Normally, a standard temporary restraining order (TRO) can be obtained immediately at the time of filing, and served on your husband along with the divorce petition. This TRO is obtained "ex parte" from the judge without a hearing, and contains about 20 items that your husband is prohibited from doing, such as removing you from health, life, or auto insurance; harassing you or committing family violence, stalking you, removing you from the home, removing or encumbering property, withdrawing money from bank accounts (except for living expenses or attorney's fees), canceling utilities, or entering or controlling a car you have possession of.
Because the TRO is obtained without a hearing, it is valid for only 2 weeks, to allow time for you to schedule a court hearing. The TRO normally will NOT have the immediate effect of removing your husband from the marital home, but you can ask for "exclusive use and possession" of the marital home when you have the hearing on temporary orders, at which time the court will decide who stays in the home while the divorce is pending, and the other party must vacate the home.
The one exception to the rule that a party cannot be excluded from the home immediately without a hearing is if there has been domestic violence (or threats of domestic violence) committed within the 30 days immediately prior to filing. If that is the case, your lawyer can prepare a "temporary ex parte protective order" seeking immediate removal of your husband from the home, and have you sign a sworn affidavit describing the violence or threats that occurred within the last 30 days. You would accompany your lawyer to swear under oath before a judge about exactly what occurred.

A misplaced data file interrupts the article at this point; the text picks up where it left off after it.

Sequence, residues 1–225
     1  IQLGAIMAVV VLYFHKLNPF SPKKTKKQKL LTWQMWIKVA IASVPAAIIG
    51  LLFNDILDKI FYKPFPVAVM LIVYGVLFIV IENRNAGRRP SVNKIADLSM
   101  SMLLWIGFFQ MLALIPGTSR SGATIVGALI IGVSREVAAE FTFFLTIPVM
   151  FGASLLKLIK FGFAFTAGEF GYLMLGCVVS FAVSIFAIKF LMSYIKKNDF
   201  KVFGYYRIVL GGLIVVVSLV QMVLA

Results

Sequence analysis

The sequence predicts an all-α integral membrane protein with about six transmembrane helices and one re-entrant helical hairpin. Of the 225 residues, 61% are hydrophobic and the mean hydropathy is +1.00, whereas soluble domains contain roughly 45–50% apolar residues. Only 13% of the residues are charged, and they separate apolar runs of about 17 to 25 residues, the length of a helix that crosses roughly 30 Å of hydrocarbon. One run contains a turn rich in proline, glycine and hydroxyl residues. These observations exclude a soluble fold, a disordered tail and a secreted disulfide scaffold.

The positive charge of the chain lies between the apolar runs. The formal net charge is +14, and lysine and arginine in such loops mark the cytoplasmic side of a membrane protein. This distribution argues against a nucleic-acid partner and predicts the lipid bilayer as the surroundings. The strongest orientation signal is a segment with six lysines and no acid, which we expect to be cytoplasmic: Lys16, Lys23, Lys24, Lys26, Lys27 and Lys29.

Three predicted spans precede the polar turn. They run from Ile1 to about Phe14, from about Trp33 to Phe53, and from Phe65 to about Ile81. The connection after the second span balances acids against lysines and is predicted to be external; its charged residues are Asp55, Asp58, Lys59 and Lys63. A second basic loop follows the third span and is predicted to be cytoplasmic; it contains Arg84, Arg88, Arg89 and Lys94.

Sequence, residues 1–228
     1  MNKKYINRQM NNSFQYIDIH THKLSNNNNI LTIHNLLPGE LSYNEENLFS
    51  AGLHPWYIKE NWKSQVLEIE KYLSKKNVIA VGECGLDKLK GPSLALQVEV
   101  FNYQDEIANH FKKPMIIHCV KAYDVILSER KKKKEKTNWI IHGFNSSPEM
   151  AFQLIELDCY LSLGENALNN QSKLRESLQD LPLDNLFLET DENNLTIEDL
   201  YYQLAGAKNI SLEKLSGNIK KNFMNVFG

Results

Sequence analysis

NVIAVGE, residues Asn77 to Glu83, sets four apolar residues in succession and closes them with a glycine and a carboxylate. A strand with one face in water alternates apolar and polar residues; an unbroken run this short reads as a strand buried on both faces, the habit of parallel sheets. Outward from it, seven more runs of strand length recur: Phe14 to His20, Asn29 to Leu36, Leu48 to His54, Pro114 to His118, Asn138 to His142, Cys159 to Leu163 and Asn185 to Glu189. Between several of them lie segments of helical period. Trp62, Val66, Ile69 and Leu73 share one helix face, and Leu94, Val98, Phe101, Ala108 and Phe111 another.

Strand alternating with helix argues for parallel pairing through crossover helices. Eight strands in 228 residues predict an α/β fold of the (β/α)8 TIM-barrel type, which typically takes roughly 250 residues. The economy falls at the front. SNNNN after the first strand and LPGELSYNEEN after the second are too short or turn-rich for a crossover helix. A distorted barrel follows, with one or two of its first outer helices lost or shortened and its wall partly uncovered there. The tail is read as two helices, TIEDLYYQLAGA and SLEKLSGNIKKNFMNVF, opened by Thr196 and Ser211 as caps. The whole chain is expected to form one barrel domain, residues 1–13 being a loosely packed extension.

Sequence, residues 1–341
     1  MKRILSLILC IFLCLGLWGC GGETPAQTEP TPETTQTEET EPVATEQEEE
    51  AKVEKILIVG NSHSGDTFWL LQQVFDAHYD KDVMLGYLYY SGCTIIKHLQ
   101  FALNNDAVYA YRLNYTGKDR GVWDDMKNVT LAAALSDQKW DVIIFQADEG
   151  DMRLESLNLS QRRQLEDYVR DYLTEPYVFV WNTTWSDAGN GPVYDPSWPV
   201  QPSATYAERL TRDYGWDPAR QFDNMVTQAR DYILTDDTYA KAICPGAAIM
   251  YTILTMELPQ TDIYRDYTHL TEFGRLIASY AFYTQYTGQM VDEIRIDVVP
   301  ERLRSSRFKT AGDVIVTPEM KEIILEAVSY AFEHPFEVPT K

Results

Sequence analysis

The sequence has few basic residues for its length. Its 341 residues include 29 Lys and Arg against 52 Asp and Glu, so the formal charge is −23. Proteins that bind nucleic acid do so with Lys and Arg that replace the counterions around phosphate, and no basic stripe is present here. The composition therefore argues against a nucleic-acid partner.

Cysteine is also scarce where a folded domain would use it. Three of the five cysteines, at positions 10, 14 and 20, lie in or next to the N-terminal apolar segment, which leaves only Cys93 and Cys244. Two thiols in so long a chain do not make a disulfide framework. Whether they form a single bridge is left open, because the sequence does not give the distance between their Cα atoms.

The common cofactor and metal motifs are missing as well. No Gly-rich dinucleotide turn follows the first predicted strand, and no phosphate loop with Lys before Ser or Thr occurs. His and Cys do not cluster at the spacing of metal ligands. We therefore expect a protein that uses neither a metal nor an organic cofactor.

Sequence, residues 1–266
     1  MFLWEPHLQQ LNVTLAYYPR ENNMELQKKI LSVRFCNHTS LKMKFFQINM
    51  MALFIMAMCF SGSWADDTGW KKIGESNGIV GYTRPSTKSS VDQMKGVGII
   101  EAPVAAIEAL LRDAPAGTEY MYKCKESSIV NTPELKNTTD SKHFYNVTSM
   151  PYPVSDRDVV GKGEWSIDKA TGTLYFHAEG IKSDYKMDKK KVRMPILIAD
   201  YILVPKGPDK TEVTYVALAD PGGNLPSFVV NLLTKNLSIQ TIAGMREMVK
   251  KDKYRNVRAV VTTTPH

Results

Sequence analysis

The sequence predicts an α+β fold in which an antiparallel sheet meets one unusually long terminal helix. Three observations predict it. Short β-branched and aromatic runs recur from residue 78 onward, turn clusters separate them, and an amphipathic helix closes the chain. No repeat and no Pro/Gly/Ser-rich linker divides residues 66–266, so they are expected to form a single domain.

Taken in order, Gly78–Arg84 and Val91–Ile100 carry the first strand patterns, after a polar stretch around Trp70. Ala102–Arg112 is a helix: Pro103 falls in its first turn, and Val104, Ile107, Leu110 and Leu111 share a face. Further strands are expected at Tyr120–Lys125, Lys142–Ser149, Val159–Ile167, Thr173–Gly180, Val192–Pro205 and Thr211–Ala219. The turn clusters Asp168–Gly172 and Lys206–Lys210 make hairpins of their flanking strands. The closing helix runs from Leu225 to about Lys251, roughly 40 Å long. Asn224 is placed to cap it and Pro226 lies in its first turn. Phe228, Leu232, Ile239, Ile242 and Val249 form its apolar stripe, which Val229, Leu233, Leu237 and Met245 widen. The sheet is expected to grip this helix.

If the judge grants the temporary ex parte protective, a law enforcement officer may be ordered to accompany you to the home, serve your husband, and stand by while your husband immediately gathers his clothes and personal effects and vacates the home. A hearing on the protective order would be scheduled within 20 days, at which time your husband would have his day in court to contest the protective order, and after hearing evidence, the judge would decide whether to grant a permanent protective order.
Absent evidence of family violence, your husband cannot be forced out of the home until a hearing his held in court.
You should discuss your options with your attorney. If you are not satisfied with your attorney's representation or advice, you have the absolute right to seek new representation.
Please feel contact me if you have any questions.
Marc A. Pederson
As Mr. Pederson stated, a standard TRO can be obtained when filing the divorce petition. To obtain what is commonly called a "kick-out order" the court must find that 1) you are currently living in the home and have been for the last 30 days, 2) your spouse has committed family violence within the last 30 days and 3) there is clear and present danger that your spouse will commit family violence against someone in the household. You can ask for law enforcement assistance. You must file a sworn affidavit as to the facts and circumstances of the family violence that are very particluar as to the time frame and acts, showing you have lived at the residence for the last 30 days and that there is a clear and present danger of family violence. You should also appear at court when the "kick-out order" is being asked for. from the court. Within 14 days, a hearing shall occur to determine wheter the order should continue.
If you do not think you will qualify for this, a standard TRO can be helpful and serving by a sheriff my help. You also have the hearing within 14 days to decide who stays in the home.
With kindest regards,
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